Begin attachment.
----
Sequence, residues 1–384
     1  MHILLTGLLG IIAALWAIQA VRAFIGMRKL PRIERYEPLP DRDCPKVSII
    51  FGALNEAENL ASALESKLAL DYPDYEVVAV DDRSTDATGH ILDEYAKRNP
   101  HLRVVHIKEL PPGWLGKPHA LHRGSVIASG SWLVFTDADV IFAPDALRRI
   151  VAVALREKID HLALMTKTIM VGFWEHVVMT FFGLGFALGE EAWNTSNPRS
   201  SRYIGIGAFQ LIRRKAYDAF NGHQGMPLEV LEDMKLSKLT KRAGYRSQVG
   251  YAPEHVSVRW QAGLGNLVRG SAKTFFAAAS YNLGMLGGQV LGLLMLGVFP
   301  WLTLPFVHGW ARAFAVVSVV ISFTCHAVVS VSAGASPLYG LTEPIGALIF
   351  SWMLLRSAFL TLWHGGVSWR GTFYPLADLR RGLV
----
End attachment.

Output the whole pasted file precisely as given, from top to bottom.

Sequence, residues 1–384
     1  MHILLTGLLG IIAALWAIQA VRAFIGMRKL PRIERYEPLP DRDCPKVSII
    51  FGALNEAENL ASALESKLAL DYPDYEVVAV DDRSTDATGH ILDEYAKRNP
   101  HLRVVHIKEL PPGWLGKPHA LHRGSVIASG SWLVFTDADV IFAPDALRRI
   151  VAVALREKID HLALMTKTIM VGFWEHVVMT FFGLGFALGE EAWNTSNPRS
   201  SRYIGIGAFQ LIRRKAYDAF NGHQGMPLEV LEDMKLSKLT KRAGYRSQVG
   251  YAPEHVSVRW QAGLGNLVRG SAKTFFAAAS YNLGMLGGQV LGLLMLGVFP
   301  WLTLPFVHGW ARAFAVVSVV ISFTCHAVVS VSAGASPLYG LTEPIGALIF
   351  SWMLLRSAFL TLWHGGVSWR GTFYPLADLR RGLV